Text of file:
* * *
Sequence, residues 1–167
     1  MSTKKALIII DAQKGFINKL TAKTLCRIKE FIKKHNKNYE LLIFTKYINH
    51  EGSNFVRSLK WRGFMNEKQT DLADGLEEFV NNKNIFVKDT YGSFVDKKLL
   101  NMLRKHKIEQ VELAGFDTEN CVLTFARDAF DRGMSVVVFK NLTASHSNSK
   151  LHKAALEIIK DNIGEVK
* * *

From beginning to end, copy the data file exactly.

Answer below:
Sequence, residues 1–167
     1  MSTKKALIII DAQKGFINKL TAKTLCRIKE FIKKHNKNYE LLIFTKYINH
    51  EGSNFVRSLK WRGFMNEKQT DLADGLEEFV NNKNIFVKDT YGSFVDKKLL
   101  NMLRKHKIEQ VELAGFDTEN CVLTFARDAF DRGMSVVVFK NLTASHSNSK
   151  LHKAALEIIK DNIGEVK